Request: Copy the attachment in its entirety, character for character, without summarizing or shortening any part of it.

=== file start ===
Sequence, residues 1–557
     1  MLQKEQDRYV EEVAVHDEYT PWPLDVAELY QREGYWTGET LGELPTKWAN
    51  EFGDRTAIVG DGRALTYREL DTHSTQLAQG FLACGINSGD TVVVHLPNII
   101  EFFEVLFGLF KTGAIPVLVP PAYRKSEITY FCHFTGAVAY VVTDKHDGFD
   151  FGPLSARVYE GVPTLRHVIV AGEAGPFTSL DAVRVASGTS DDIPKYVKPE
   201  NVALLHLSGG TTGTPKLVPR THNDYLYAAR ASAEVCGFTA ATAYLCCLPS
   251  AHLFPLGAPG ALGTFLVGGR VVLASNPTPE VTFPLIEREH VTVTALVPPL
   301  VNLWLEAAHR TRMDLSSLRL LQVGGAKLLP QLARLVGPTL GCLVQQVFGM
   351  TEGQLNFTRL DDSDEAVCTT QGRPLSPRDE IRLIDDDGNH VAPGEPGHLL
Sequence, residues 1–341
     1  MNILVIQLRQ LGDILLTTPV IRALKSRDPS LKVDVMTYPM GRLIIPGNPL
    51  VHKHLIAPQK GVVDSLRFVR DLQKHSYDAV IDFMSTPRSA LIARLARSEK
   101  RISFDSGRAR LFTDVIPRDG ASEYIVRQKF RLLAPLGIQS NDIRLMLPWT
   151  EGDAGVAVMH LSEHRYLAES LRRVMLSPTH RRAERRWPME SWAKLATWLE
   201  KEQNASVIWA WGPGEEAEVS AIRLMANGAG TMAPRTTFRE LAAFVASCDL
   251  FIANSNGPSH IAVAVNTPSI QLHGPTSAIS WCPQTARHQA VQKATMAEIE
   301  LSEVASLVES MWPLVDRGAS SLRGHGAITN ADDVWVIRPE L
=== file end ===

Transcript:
Sequence, residues 1–557
     1  MLQKEQDRYV EEVAVHDEYT PWPLDVAELY QREGYWTGET LGELPTKWAN
    51  EFGDRTAIVG DGRALTYREL DTHSTQLAQG FLACGINSGD TVVVHLPNII
   101  EFFEVLFGLF KTGAIPVLVP PAYRKSEITY FCHFTGAVAY VVTDKHDGFD
   151  FGPLSARVYE GVPTLRHVIV AGEAGPFTSL DAVRVASGTS DDIPKYVKPE
   201  NVALLHLSGG TTGTPKLVPR THNDYLYAAR ASAEVCGFTA ATAYLCCLPS
   251  AHLFPLGAPG ALGTFLVGGR VVLASNPTPE VTFPLIEREH VTVTALVPPL
   301  VNLWLEAAHR TRMDLSSLRL LQVGGAKLLP QLARLVGPTL GCLVQQVFGM
   351  TEGQLNFTRL DDSDEAVCTT QGRPLSPRDE IRLIDDDGNH VAPGEPGHLL
Sequence, residues 1–341
     1  MNILVIQLRQ LGDILLTTPV IRALKSRDPS LKVDVMTYPM GRLIIPGNPL
    51  VHKHLIAPQK GVVDSLRFVR DLQKHSYDAV IDFMSTPRSA LIARLARSEK
   101  RISFDSGRAR LFTDVIPRDG ASEYIVRQKF RLLAPLGIQS NDIRLMLPWT
   151  EGDAGVAVMH LSEHRYLAES LRRVMLSPTH RRAERRWPME SWAKLATWLE
   201  KEQNASVIWA WGPGEEAEVS AIRLMANGAG TMAPRTTFRE LAAFVASCDL
   251  FIANSNGPSH IAVAVNTPSI QLHGPTSAIS WCPQTARHQA VQKATMAEIE
   301  LSEVASLVES MWPLVDRGAS SLRGHGAITN ADDVWVIRPE L